An investigation reports three violent episodes a day during Brazil’s first round of elections

Pública Survey Shows More Than 50% Of Cases Were Caused By Political Disagreements Between Victim And Attackers | Picture of Agência Pública

This article was written in Portuguese by Anna Beatriz Anjos, Caio de Freitas Paes, Clarissa Levy, Giulia Afiune, José Cícero, Júlia Rohden, Laura Scofield, Mariama Correia, Matheus Santino, Nathallia Fonseca, Rafael Oliveira and Yolanda Pires, and it is was originally published in Agência Pública [pt, come tutti i link successivi, salvo diversa indicazione] October 5, 2022. It is reproduced here by virtue of an agreement with Global Voices, starting from Spanish translationthe by Romina Navarro.

Between the official start of the election campaign in Brazil, on August 16, and the first round on October 2, there were at least 148 cases of electoral violence, according to an exclusive investigation by Agência Públicawhich represents an average of three attacks per day against voters, candidates, journalists and staff of statistical institutes.

In these deeply polarized elections, the first round saw the winner the former president Luiz Inácio Lula da Silva (Workers’ PartyPT [it]) with 48.4% of the votes, followed by the current president, Jair Bolsonaro (Liberal PartyPL [it]), with 43.2%. The second round is scheduled for October 30th.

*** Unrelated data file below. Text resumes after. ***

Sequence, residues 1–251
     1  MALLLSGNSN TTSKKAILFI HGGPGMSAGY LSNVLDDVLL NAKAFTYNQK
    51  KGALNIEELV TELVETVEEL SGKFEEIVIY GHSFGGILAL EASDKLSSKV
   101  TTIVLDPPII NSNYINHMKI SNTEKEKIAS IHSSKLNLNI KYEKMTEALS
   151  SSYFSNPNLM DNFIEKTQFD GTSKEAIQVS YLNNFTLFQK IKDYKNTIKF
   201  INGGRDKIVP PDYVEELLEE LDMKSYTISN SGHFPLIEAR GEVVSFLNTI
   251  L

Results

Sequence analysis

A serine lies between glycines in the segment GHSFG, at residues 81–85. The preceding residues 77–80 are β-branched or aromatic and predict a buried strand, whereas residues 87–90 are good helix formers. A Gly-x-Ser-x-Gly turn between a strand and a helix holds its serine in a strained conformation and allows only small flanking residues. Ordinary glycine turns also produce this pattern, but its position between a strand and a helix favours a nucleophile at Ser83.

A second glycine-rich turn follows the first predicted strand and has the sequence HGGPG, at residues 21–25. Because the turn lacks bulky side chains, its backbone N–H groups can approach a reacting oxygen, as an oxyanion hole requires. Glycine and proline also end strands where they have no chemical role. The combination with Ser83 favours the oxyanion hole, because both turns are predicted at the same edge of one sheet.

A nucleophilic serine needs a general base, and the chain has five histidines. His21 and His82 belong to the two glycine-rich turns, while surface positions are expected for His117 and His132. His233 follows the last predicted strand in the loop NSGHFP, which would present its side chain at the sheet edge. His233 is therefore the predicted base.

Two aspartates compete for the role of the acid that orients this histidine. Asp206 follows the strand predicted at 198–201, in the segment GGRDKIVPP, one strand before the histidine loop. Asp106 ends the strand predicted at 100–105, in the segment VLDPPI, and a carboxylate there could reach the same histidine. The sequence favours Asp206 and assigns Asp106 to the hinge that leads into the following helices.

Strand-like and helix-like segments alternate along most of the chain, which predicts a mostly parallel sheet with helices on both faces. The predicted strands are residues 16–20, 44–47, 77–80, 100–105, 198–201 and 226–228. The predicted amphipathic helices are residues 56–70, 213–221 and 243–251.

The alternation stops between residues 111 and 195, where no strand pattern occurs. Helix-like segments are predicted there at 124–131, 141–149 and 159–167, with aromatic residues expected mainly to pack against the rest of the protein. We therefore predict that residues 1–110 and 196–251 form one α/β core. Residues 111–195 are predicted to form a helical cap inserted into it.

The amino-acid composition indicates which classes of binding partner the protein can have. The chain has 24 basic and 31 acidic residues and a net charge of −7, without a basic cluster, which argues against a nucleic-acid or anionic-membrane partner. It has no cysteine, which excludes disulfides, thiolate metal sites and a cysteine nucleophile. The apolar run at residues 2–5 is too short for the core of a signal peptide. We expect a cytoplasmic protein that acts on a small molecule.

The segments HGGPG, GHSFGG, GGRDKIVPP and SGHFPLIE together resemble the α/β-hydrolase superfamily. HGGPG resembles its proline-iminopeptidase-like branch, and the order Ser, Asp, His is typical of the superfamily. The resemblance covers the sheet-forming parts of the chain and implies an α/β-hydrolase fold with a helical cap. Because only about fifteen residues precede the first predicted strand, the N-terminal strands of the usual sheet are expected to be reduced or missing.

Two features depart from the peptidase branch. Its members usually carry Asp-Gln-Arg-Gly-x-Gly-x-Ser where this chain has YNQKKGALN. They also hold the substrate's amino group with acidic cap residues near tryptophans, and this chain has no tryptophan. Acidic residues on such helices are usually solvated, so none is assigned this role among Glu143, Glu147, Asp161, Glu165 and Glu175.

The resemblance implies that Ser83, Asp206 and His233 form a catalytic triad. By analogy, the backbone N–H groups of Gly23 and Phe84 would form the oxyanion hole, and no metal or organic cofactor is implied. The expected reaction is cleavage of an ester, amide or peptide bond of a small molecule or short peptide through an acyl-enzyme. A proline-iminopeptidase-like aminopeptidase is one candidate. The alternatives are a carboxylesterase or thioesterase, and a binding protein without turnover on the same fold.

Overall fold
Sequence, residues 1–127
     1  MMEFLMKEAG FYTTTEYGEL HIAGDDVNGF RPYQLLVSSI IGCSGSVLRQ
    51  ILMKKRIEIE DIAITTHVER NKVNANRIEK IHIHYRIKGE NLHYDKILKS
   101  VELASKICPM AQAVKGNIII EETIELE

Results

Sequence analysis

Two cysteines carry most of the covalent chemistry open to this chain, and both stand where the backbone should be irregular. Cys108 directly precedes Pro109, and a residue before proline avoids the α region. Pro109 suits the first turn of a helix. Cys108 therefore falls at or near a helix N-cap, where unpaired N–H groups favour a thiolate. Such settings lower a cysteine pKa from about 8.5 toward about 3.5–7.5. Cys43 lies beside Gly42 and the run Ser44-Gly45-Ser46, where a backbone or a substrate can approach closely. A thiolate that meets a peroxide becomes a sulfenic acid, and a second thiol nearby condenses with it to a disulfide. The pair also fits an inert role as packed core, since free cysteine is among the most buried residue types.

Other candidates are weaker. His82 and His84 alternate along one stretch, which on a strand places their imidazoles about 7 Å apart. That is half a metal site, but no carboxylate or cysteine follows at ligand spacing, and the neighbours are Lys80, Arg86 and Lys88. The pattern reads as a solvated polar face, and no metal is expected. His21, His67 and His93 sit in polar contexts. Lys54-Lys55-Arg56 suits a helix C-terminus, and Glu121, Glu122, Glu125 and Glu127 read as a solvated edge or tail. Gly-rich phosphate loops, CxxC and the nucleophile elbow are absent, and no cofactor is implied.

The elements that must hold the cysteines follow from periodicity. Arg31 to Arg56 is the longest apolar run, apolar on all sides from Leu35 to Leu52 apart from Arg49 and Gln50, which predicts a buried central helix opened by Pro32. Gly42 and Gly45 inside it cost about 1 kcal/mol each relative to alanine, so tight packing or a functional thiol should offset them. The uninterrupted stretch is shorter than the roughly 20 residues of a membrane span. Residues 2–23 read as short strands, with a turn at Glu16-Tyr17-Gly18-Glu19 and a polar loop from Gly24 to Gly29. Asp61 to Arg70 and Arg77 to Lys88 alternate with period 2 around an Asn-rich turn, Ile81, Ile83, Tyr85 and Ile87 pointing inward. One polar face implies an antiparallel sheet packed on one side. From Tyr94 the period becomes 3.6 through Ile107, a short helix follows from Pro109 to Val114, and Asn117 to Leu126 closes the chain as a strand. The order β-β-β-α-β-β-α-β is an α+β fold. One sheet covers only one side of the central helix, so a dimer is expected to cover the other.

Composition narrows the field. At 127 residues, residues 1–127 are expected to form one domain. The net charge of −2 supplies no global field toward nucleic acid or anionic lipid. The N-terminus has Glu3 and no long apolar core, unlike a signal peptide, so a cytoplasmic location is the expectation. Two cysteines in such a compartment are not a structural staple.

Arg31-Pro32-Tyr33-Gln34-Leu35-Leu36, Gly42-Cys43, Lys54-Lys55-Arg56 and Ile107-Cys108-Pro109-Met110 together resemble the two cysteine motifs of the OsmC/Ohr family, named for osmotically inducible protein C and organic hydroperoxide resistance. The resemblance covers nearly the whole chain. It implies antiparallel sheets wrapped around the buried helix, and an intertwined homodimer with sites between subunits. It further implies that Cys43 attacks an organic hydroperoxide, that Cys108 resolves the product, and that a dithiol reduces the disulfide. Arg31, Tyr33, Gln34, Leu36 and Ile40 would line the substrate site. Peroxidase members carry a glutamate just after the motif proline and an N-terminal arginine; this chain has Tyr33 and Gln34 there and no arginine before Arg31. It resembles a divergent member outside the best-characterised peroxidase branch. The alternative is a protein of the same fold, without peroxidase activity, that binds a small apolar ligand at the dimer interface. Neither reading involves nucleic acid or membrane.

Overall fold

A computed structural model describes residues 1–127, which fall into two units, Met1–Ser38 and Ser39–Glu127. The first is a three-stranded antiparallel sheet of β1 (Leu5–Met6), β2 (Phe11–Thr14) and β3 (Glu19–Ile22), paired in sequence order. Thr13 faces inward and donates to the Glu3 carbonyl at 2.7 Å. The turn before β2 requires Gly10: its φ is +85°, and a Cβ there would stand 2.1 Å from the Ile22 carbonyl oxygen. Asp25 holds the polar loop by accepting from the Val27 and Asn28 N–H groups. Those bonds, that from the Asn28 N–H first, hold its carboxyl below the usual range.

The degree of violence and the use of firearms are significant. During this period, at least six people were murdered for their political positions and another nine were subjected to attempted murder. In this investigation, Pública only included in-person assaults, not over the phone, email or social media.

The investigation does not even include the case of Marcelo Arruda, treasurer of the Workers’ Party (PT) of the Foz do Iguaçu division, in the southern state of Paranà. A supporter of Bolsonaro gli fired, killing him [es]during his PT-themed birthday party, but it happened in July, before the official campaign began.

Of the 148 recorded cases, 25 were used firearms. Four assaults took place with knives or sharp objects and three of the murdered people were stabbed; 73 cases included physical violence; there have been 99 cases of moral or psychological violence (insults and threats); and in 29 cases there was damage to property, such as vehicles or campaign committees.

Number of cases by type of violence.

More than 50% of the cases were caused by political disagreements between the victims and the attackers. In 36% of cases, the perpetrators of the attacks were sympathizers of the current president Jair Bolsonaro (PLLiberal Party [it]) and 8% were sympathizers of Luiz Inácio Lula da Silva (PTWorkers’ Party [it]). In 61% of cases, the aggressor could not be identified. There have been no recorded cases of assaults committed by sympathizers of other presidential candidates.